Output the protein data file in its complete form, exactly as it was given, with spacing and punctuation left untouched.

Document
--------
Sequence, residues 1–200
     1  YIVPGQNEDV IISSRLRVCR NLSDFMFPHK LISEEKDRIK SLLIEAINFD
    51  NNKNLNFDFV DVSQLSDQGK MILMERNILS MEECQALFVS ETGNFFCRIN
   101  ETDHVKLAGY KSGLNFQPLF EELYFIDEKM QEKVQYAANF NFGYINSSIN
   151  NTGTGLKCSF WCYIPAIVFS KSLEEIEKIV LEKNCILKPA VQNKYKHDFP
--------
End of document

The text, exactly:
Sequence, residues 1–200
     1  YIVPGQNEDV IISSRLRVCR NLSDFMFPHK LISEEKDRIK SLLIEAINFD
    51  NNKNLNFDFV DVSQLSDQGK MILMERNILS MEECQALFVS ETGNFFCRIN
   101  ETDHVKLAGY KSGLNFQPLF EELYFIDEKM QEKVQYAANF NFGYINSSIN
   151  NTGTGLKCSF WCYIPAIVFS KSLEEIEKIV LEKNCILKPA VQNKYKHDFP